On Wednesday, a California federal judge dismissed actress Ashley Judd’s sexual harassment claims against Harvey Weinstein. The actress alleges in her compliant that Weinstein made sexual demands from her in a hotel room about 20 years ago. Judd explained that the only way she could escape was to allow Weinstein to touch her if she won an academy award. A civil lawsuit filed by Judd in April accused Weinstein of defaming her reputation and stunting her career growth by convincing director Peter Jackson not to cast her in the blockbuster movie franchise “The Lord of the Rings.”
Judd was one of the first women in Hollywood to publicly accuse Weinstein of sexual harassment in October of 2017. Since her claim, a swath of other women have come forth with similar allegations against the Hollywood mogul. The outbreak of public sexual allegations against Weinstein led to the resurgence of the #MeToo social media movement that aims to demonstrate the prevalence of sexual harassment in the workplace. Since then, several leading figures in the media, entertainment and political industries have been publicly accused of sexual misconduct.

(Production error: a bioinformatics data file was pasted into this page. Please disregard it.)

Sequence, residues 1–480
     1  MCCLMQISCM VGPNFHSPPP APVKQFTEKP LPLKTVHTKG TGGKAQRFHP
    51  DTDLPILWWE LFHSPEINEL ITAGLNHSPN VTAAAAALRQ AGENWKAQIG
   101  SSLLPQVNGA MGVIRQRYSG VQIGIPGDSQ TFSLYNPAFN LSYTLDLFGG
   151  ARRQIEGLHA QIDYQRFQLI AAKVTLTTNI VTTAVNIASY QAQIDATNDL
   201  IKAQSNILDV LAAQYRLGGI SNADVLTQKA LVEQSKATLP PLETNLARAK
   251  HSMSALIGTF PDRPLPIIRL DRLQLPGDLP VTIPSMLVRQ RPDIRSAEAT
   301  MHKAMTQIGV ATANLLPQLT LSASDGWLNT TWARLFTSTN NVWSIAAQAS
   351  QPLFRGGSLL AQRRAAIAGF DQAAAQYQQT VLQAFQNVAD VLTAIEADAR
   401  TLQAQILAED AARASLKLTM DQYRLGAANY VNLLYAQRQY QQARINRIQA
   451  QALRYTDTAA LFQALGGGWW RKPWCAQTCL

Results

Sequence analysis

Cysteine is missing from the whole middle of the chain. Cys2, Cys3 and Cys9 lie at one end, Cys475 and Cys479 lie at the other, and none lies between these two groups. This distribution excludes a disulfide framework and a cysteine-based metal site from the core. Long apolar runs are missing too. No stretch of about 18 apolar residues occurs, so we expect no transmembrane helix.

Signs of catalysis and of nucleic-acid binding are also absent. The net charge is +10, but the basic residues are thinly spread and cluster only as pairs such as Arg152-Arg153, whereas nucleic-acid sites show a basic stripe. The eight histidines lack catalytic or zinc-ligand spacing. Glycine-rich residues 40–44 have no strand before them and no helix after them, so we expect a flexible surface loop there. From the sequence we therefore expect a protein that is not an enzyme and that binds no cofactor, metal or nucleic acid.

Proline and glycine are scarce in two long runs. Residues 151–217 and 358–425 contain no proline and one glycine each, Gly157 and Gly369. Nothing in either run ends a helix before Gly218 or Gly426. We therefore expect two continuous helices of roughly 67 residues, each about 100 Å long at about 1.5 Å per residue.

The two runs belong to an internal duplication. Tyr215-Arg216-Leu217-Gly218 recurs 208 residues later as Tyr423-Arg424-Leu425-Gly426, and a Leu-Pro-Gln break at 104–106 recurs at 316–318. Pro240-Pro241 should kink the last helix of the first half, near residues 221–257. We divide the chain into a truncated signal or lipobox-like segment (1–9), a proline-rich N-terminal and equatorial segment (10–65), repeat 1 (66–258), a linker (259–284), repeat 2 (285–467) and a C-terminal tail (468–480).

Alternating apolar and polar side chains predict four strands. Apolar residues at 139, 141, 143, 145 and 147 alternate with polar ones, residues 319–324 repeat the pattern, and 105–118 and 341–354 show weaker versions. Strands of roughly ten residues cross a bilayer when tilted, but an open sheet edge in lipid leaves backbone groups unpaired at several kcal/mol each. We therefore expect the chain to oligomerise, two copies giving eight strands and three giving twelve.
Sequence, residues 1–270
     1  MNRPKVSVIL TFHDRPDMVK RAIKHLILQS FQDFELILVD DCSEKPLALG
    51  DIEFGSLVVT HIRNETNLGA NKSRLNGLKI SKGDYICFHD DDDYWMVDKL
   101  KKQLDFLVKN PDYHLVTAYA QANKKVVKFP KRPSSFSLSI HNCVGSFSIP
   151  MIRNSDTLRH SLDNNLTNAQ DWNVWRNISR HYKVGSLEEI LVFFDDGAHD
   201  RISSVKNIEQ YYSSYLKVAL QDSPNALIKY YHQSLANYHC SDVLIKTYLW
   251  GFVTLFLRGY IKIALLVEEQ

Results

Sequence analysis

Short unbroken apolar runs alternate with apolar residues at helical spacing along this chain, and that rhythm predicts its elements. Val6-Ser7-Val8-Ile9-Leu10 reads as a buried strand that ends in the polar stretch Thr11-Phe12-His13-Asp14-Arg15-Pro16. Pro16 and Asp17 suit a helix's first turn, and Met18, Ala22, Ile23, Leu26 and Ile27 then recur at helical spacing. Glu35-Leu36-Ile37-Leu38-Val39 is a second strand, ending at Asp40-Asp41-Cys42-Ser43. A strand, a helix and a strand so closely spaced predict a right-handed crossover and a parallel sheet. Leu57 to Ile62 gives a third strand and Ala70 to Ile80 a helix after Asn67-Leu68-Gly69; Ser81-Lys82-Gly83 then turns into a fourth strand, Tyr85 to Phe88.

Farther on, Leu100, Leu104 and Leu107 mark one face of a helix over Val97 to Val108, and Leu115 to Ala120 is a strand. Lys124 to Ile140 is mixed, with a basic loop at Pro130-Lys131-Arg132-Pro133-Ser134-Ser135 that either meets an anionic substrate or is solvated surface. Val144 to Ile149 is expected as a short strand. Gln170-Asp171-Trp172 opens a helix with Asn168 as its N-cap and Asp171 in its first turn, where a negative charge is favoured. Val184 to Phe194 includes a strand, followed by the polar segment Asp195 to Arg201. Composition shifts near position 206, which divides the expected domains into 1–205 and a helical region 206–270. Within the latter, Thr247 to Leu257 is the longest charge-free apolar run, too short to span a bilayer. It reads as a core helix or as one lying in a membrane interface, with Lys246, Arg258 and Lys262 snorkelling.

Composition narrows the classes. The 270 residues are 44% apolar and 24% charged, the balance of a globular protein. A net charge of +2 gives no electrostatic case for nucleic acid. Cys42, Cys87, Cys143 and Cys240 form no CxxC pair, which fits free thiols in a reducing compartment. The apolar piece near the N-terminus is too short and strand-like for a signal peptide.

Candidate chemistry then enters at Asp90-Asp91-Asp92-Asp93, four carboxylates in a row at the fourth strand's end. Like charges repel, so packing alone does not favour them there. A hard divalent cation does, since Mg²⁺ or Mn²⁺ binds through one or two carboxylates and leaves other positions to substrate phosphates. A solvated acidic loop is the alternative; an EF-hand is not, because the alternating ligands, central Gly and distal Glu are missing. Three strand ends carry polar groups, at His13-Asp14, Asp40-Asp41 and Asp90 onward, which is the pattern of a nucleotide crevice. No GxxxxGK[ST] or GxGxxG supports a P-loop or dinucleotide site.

Ashley Judd’s complaint stated that Weinstein’s conduct violated the California Civil Code section 3294 which states: “In an action for the breach of an obligation not arising from contract, where it is proven by clear and convincing evidence that the defendant has been guilty of oppression, fraud, or malice, the plaintiff, in addition to actual damages, may recover damages for the sake of example and by way of punishing the defendant.” Judd contends that Weinstein’s act of defaming her reputation in Hollywood, after she refused to engage in sexual conduct with him, should be considered as oppression, fraud or malice as defined by the statute.
However, the judge disagreed that Weinstein’s acts are covered by the California sexual harassment law. In addition, Judd’s complaint only states that Weinstein’s acted with oppression, fraud or malice as defined in the statute, but fails to explain how. The judge is allowing Judd to amend her complaint within a month to explain why the California law should apply. It is possible that the judge will allow the sexual harassment claim if Judd amends her complaint and is able to explain how Harvey Weinstein acted with oppression, fraud or malice as covered by the California statute. And after the plethora of other women making similar sexual harassment claims against Weinstein, it is likely the judge will want to explore Judd’s complaint after it is amended.